Monday, December 27, 2010

Third Day of Christmas

Here is another example of my goofy nature to bring you holiday cheer.

A Not-So-Silent Scream

The college careers of my older brother and I overlapped.  Bill wasn't just my big brother, he was one of my best friends.  Sometimes we would meet up on campus and eat lunch together, either just us or with some of our friends.  Bill even showed me one of the best-kept secrets of our campus.

The conference center.
I don't know if it was the mirrored exterior helping it blend into its surroundings, but our fellow students seemed to hardly even know that the conference center existed.  The building was used only for special events and academic/professional conferences, not classes.  So, perhaps most students hadn't had the opportunity to discover this hidden gem right in the center of our campus.

Lucky for me, Bill knew all about it.  Most days, the conferenced center was unlocked but abandoned, providing a very quiet, clean, and comfortable environment in which to study between classes.  Due to the nature of the building, the furniture in its lounge areas was newer and more upscale than anyplace else on campus.  And there was one other perk, besides the quiet and the comfy chairs.

Free food.

When a conference was in session, the lounge areas had tables of snacks, beverages, and even meals available for the attendees between workshops.  So, if you were there anyway quietly studying, no one stopped you from cleaning up after the conference participants left their snacks behind and went back into their workshops.  Bill and I considered cleaning up the leftovers a service that benefited the student employees of Campus Food Services.

One fine day, I was sitting in my favorite corner of the conference center, minding my own business.  A meeting of The Utah Society for Professional Economists was in progress behind closed doors.  A Campus Food Service student employee was quietly refreshing the lemonade and cookies on a nearby table.   Finals were approaching, and I was wading through Shakespeare's Hamlet, looking for hidden motifs.  Alas, the previous night of merriment befell me, and my head didst droop, so heavy were my leaden eyes.

(That's Shakespeare for "I fell asleep.")

Now, there is something about me you need to know if you are going to understand the rest of this story:  I talk in my sleep.  Sometimes I even yell or sing in my sleep;  particularly when I haven't been getting adequate rest, or I'm sleeping in an unfamiliar place.  All it takes is a really vivid dream, and I start talking.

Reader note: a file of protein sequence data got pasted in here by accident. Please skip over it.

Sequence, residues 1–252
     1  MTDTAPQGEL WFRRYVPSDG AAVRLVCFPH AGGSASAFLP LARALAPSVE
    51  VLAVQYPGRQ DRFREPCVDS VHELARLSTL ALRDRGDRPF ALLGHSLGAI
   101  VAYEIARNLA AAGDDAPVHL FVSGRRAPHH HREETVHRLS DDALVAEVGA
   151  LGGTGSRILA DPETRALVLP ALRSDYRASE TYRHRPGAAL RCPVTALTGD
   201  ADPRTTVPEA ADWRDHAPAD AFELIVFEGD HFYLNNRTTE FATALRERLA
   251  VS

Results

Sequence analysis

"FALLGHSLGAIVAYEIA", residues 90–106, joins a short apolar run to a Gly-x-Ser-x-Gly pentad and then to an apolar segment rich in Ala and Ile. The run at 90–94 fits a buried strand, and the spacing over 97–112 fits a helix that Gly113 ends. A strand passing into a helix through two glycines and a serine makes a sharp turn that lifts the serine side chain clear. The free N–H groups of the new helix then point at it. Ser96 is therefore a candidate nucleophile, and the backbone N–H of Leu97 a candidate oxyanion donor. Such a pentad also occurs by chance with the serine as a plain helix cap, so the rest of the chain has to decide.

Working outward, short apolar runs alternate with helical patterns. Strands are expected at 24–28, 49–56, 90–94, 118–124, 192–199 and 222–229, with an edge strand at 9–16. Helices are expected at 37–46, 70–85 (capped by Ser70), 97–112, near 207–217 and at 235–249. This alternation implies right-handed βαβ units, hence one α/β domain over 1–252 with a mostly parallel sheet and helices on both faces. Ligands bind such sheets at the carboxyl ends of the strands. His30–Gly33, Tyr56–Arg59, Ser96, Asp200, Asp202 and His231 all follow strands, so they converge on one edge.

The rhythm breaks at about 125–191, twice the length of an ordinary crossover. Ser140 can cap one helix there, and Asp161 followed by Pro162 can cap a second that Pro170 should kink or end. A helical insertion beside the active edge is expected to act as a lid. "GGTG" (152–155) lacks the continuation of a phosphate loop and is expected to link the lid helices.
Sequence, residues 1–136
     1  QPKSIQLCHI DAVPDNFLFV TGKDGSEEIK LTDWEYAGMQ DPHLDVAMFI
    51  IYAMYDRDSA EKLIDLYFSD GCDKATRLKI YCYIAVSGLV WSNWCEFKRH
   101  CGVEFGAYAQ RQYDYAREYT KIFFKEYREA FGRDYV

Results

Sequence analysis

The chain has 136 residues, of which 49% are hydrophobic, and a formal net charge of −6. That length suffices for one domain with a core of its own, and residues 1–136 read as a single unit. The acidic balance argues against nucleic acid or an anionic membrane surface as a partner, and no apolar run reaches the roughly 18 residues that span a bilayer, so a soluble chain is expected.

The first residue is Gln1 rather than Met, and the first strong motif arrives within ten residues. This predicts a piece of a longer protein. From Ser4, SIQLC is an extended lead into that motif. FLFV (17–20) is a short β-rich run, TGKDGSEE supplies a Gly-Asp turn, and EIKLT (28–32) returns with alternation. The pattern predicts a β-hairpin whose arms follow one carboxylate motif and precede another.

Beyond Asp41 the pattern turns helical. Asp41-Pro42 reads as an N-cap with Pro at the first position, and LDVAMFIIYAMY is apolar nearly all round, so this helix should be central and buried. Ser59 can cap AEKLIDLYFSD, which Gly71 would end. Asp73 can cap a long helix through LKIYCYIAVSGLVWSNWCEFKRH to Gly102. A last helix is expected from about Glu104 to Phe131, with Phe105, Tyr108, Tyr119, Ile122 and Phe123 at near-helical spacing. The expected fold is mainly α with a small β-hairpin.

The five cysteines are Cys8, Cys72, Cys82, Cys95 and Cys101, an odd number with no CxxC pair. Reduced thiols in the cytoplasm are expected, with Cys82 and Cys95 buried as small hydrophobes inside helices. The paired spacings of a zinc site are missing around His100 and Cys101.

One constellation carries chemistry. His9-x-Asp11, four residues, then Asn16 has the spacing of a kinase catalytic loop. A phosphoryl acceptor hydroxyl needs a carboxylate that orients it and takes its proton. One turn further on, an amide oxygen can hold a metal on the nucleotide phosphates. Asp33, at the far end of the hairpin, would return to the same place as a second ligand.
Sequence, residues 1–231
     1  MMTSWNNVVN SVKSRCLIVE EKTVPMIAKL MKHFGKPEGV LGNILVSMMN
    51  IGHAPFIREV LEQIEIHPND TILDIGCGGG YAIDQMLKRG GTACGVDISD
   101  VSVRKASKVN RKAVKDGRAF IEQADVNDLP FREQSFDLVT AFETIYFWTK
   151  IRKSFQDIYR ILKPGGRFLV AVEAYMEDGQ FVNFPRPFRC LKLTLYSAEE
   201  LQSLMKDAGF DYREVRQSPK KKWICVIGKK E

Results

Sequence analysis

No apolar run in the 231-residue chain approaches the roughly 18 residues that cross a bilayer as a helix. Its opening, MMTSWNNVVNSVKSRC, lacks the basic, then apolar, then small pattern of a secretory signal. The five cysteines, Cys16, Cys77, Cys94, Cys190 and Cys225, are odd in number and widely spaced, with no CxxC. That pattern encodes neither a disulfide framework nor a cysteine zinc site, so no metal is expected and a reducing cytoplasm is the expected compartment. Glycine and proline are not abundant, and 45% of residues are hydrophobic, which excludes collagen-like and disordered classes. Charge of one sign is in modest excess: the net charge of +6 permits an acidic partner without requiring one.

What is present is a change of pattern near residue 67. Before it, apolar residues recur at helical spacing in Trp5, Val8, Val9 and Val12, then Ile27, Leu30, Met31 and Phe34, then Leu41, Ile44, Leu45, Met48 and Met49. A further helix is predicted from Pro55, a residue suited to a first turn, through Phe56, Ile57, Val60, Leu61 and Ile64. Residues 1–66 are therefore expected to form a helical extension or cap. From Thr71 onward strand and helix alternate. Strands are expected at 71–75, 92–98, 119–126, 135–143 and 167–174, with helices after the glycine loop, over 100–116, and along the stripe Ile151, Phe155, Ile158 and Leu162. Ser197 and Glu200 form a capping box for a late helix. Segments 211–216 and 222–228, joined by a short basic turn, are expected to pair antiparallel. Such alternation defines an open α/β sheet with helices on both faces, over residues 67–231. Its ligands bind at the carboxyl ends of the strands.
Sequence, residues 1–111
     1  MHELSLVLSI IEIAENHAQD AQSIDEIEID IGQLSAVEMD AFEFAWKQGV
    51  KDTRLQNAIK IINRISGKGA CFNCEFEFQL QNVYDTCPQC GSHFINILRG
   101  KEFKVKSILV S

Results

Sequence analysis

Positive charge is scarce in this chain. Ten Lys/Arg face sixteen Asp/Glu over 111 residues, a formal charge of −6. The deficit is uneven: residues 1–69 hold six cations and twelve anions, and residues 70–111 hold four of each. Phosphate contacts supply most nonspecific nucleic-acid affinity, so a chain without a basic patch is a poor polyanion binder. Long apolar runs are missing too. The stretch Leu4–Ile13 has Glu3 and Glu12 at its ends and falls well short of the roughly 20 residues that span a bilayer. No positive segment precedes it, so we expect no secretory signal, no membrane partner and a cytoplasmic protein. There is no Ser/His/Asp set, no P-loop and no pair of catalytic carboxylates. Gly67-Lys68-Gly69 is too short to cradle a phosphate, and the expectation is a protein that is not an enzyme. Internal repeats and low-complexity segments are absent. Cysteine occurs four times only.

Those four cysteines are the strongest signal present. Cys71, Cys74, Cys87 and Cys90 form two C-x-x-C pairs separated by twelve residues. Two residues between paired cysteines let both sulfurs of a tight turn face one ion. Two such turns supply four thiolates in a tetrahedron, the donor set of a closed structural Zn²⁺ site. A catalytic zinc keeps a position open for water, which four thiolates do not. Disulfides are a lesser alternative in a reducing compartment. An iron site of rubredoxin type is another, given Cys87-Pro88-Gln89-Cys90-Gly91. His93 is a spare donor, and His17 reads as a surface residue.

There I was, drooped over a thick volume of Shakespeare, asleep in the conference center, dreaming of Hamlet.  He was chasing me, carrying the horrible skull of Yorick.  The prince of Denmark's eyes were wild and bloodshot, and I ran from him, crying and tripping over the headstones as he reached for me.  I tried to call for help, but I could not make a sound!  Gasping, I stumbled, my hair tangling into the leafless branches of a gnarled tree.  Hamlet's hand was reaching, reaching, and I knew my only hope was to scream for help, so I took a deep breath and
which woke me up.

It must have been a real blood-curdler, because the first thing of which I was conscious was that my throat felt dry and scratchy.  So I turned my head, thinking of the lemonade, towards the food tables, just to see if the Campus Food Services student employee was still there.

She was not.

The members of The Utah Society for Professional Economists were there, instead.  All fifty-two of them.  There they stood, quiet and staring, some with slack jaws or a cookie held frozen in mid-air.  Shocked.  Awed.  Stupefied.

I considered my options, as I surveyed the scene before me.  I had too many books to gather up, preventing the desirable hasty exit.  Trying to explain to Professional Economists that I'd just escaped the murderous grasp of Hamlet didn't seem like it would be the right thing to do, either.  So, I just smiled sweetly at the conference goers and turned in my comfy armchair so that my back was to them.  And continued to read Hamlet.  With my eyelids propped open.

Friends, as The Bard wrote, "The memory be green." 

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